Sunday, December 16, 2012

Sex and Aggression: Innate Drives or Learned Behaviors?

Few people would argue sex isn't an innate drive. We crave it. Why? Based on research, we know sex is rewarding on a variety of levels. Also, it's needed for the survival of our species. The evolutionary value is unquestioned.

But what about other human behaviors like aggression? Could we have a drive to engage in aggressive behavior? In some cases, it could serve an evolutionary function like defense of territory, hunting for food, or protecting young. It can also backfire if we're killing each other.

In an attempt to answer this question, some researchers conducted a fascinating experiment involving mice. They manipulated their environment then played with the brain chemical dopamine (same neurotransmitter that makes us feel really good). They found that blocking dopamine decreased the likelihood of mice engaging in aggressive encounters. In short, aggressive behavior was rewarding. The researchers speculated that a similar mechanism could explain why humans engage in aggressive behaviors.

Why would we have these aggressive tendencies? There's a pretty good chance they served an evolutionary purpose

Based on this idea, it is easy to see why events like the recent Connecticut shooting have taken place- we're innately aggressive.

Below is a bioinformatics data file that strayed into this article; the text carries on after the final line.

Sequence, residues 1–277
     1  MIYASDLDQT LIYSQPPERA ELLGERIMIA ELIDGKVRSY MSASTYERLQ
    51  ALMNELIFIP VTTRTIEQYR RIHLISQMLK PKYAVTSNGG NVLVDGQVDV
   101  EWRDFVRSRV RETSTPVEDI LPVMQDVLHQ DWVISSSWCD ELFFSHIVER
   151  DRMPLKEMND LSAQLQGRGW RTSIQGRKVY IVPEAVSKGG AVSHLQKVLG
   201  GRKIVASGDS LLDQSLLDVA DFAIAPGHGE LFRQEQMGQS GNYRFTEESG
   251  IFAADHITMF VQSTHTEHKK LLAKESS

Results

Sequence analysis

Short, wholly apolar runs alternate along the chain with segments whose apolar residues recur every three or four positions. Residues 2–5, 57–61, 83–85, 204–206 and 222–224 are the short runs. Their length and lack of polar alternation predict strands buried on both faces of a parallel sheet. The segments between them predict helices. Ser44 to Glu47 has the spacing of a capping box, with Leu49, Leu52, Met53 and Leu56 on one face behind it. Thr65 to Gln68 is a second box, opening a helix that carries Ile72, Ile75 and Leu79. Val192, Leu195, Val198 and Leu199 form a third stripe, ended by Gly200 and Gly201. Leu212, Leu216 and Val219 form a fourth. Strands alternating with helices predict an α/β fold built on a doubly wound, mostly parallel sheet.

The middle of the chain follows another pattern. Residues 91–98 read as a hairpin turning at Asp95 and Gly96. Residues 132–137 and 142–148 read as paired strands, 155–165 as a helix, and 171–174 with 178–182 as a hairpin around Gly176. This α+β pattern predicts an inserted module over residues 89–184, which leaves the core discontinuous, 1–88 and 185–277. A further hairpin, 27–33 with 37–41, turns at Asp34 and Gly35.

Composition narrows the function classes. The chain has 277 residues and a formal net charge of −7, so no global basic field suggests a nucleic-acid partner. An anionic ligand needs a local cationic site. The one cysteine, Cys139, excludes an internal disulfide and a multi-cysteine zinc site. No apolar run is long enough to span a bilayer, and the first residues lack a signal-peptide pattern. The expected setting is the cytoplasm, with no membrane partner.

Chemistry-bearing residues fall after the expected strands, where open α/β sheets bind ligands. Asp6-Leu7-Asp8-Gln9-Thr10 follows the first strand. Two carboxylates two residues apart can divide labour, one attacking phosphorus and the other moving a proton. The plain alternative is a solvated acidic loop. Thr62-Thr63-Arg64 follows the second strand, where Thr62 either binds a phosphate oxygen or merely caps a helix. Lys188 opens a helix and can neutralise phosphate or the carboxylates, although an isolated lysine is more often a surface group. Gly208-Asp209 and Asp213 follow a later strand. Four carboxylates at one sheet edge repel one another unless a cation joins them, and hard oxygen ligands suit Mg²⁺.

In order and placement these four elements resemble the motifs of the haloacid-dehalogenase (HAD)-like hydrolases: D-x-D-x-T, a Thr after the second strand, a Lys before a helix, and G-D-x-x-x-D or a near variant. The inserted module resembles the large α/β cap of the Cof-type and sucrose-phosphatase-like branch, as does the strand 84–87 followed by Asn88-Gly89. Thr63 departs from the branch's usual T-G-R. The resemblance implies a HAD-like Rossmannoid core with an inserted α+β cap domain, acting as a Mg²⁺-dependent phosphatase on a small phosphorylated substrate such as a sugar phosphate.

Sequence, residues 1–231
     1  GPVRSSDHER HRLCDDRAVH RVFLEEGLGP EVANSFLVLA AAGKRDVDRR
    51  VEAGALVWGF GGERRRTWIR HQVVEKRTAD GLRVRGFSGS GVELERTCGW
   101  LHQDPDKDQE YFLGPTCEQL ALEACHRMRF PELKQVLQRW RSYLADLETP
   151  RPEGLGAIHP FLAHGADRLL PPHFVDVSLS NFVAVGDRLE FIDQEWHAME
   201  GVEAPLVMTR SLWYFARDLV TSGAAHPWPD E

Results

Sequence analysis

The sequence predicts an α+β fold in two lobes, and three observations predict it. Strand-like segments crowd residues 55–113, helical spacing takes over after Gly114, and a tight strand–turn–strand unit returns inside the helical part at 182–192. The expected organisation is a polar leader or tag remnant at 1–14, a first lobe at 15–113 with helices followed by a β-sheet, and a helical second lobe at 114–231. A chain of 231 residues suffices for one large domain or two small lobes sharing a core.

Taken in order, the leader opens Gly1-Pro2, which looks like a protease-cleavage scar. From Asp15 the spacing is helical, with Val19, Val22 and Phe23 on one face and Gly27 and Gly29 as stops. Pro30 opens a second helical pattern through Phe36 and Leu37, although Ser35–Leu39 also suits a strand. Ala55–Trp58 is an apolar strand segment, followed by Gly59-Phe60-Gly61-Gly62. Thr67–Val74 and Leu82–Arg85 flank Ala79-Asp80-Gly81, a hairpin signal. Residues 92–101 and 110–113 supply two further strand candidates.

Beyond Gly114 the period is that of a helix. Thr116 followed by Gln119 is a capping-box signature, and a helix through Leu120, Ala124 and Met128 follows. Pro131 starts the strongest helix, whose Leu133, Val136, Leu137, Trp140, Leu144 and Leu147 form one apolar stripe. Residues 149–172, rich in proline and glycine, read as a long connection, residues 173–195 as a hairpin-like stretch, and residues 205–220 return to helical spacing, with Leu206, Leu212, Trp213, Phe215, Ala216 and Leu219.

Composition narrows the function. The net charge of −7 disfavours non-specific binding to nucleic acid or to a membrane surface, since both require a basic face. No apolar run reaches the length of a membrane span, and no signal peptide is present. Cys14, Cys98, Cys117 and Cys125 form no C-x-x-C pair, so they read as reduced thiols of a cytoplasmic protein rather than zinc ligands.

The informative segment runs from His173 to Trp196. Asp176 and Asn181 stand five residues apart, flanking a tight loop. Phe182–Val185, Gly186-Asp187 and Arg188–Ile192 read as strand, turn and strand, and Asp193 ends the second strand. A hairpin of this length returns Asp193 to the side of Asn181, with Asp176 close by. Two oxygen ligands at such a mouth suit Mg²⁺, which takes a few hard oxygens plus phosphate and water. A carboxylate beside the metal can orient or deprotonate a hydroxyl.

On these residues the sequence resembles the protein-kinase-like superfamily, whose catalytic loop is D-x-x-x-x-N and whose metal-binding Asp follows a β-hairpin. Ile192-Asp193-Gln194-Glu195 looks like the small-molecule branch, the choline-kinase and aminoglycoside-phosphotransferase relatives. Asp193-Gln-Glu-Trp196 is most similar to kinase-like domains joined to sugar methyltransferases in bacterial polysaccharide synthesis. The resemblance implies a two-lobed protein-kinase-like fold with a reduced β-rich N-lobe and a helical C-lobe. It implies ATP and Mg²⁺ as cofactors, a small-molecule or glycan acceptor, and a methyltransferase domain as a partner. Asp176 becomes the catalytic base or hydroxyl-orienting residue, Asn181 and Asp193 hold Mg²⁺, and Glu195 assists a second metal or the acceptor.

Or are we?

Like any question in science, there's support for both sides of any issue. Alfie Kohn, the author I discovered as a teacher, wrote an excellent piece summarizing the argument and supporting evidence that humans are not innately aggressive. This is a MUST READ. I really like Kohn's point about more "advanced" societies being more violent, which hints that aggression could be a function of the individualistic/materialistic lifestyle we choose to live here in the United States.

Personally I think this issue is far more important than issues like gun control. This hits at the very heart of our destructive behaviors, especially when answering the question of why.

If aggressive behaviors are innate, we can take steps to redirect the behaviors in a more socially-acceptable way.

If aggression is learned and engaging in aggression just promotes more aggression, we can take steps to become more peaceful.

For example, how should we treat violence in the media? If aggression is innate, slasher flicks could alleviate those violent tendencies and would have a positive effect on society. If aggression is learned and increased by exposure to violence, slasher flicks would have a negative effect on society.

Unfortunately there's strong evidence supporting both positions. Pundits use said information to promote their agenda, but they're doing so from a position of ignorance. Once we answer that question of the origins of aggression, we can go about actually reducing incidents of aggression. Until we do, any steps we take to curtail violence may actually make the problem worse.


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